(If you want me to write about more types of psychological evaluations, please let me know!)
Projective tests are a type of personality assessment that uses ambiguous stimuli to get information about things you might not be consciously aware of. They can involve having you respond to images, create drawings, or say the first response that comes to your mind in response to a prompt.
Some, like the Rorschach, have a scoring system that gives the evaluator norm-referenced information about you, but others involve interpreting patterns in your responses. There are websites that try to coach people to get certain results, but these tests have measures to identify if you are doing this, so it’s best to just be honest.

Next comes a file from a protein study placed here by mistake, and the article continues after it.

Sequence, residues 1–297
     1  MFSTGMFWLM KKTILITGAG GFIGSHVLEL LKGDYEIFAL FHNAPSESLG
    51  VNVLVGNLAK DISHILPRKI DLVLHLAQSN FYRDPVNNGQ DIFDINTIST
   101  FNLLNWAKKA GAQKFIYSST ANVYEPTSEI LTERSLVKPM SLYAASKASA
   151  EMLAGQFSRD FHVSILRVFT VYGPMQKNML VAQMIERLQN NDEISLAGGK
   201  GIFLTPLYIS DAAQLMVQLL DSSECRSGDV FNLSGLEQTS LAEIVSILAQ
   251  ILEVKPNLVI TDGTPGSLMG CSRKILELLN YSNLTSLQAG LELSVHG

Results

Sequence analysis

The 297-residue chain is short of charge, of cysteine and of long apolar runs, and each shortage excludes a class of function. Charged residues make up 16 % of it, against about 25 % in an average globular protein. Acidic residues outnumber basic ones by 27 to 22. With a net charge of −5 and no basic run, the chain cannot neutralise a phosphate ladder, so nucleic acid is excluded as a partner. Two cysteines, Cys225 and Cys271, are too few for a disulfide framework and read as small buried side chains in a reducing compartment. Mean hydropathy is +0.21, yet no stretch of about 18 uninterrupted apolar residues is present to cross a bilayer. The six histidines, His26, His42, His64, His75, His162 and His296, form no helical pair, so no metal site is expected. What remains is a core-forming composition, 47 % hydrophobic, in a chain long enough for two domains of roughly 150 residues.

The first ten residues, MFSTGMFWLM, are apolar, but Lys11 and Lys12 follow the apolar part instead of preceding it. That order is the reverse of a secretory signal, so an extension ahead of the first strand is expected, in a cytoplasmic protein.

I like using projective drawing tasks with kids because it can give me insight into a child’s feelings about their family and the world around them that the child might not have the skills to tell me another way. I might have a child do a projective drawing as a therapeutic activity, but typically if I am completing a psychological evaluation, I will not rely only on projective tests.
Because they are ambiguous, projective tests can seem intimidating, but if you give honest answers, you can get some interesting insight into your personality and your mental health.